Thousands of Taiwanese men have relocated to China for economic opportunities, leaving behind wives and children. Although many those Taiwanese marriages and families remain intact at least in the form despite long-term separations lasting years and even decades, their marital and father-children relations are characterized as disjunctures in their expectations for and associations with each other over the long period of being apart. This paper takes “intimacy jet lag” as a metaphor to explore how Taiwanese businessmen and their wives who act as “situational singles” in relations to their marital status and responsibilities, have different expectations and practices in their conjugal relations with each other and in their relationships with their children at different stage of their separation. This paper shows the fluidity of marital and family relations across temporal and spatial scales and argues that disjunctures in intimacy generate both chaos and agency for individuals and families.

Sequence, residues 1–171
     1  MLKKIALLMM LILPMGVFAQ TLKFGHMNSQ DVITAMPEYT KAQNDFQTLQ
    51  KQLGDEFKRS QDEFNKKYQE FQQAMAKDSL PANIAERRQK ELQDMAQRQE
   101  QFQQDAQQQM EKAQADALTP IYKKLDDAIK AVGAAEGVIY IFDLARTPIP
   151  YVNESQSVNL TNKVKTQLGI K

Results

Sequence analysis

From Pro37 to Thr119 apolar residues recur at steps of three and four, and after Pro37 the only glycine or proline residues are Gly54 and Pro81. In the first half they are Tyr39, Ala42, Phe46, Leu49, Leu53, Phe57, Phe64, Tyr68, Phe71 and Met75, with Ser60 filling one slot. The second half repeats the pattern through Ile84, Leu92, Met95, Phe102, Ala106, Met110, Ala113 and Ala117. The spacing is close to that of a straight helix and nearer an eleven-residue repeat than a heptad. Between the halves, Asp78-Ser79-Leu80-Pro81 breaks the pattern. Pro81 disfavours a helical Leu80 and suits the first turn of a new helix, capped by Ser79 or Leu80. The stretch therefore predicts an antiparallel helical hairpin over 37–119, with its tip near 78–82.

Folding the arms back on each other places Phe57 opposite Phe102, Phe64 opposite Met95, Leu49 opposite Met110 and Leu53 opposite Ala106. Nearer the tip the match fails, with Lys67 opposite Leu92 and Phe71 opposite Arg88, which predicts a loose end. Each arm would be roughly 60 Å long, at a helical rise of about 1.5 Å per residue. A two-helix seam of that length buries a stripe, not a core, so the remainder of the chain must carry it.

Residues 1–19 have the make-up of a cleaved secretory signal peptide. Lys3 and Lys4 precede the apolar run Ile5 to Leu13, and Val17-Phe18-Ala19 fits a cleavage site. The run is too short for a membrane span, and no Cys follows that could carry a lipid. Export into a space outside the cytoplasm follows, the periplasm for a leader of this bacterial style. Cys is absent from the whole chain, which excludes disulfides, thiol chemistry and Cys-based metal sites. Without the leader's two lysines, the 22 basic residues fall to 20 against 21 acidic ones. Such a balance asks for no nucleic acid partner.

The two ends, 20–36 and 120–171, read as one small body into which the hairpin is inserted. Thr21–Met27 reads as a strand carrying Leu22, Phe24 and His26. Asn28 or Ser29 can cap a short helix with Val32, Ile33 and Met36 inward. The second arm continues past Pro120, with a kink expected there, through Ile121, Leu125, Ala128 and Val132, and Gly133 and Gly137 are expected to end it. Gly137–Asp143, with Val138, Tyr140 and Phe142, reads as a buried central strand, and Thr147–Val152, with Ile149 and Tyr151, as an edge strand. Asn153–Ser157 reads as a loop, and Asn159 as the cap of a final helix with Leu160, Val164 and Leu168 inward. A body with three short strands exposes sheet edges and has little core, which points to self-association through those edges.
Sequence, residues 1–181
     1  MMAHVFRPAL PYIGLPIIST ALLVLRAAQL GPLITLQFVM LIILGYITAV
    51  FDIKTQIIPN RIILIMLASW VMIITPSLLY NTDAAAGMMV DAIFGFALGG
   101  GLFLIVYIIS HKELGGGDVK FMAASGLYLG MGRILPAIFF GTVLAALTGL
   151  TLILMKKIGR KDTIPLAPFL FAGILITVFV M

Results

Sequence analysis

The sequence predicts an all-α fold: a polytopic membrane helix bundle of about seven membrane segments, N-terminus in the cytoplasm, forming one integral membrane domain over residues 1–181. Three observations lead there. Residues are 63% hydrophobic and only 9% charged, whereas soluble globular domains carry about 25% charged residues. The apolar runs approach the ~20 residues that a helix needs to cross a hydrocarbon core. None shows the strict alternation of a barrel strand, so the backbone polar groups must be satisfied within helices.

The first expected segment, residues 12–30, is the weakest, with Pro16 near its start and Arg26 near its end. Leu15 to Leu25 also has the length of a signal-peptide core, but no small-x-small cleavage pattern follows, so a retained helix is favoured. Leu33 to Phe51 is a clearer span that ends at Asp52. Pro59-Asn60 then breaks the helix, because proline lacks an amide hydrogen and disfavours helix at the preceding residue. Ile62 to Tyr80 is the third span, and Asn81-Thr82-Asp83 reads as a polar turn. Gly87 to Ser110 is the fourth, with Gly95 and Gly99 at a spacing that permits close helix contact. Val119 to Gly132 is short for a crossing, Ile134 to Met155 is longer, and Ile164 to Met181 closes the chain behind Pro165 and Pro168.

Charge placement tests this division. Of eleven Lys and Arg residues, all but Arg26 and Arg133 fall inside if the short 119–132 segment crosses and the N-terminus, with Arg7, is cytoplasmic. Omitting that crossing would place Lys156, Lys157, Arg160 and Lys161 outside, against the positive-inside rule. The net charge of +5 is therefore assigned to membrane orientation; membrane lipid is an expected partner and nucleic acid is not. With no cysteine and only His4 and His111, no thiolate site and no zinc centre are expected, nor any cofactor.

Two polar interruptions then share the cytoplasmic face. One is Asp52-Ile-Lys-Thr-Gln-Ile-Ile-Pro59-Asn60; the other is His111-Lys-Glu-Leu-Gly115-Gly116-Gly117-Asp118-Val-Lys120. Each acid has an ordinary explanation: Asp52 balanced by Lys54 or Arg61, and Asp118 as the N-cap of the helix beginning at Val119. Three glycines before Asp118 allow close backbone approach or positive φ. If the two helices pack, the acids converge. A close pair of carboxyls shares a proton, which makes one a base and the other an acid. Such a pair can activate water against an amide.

Hsiu-hua Shen is an associate professor at the Institute of Sociology, National Tsing Hua University, Taiwan where since she has been teaching since 2006. She is also a faculty member of the Center for Contemporary China at the University. Her areas of teaching and research are migration, gender studies, the sociology of intimacy, and everyday life of social class. Her research addresses how structural constraints and opportunities work to shape everyday social relations and identity formation particularly through the lens of gender, sexuality, class, and nationality. She is currently working on two research projects: Transnational families of Taiwanese business people in Taiwan and China, and the relationship between marriage and housing in contemporary urban China. She has published articles from her research projects and is currently working on her book on transnational families of Taiwanese business people across the Taiwan Strait.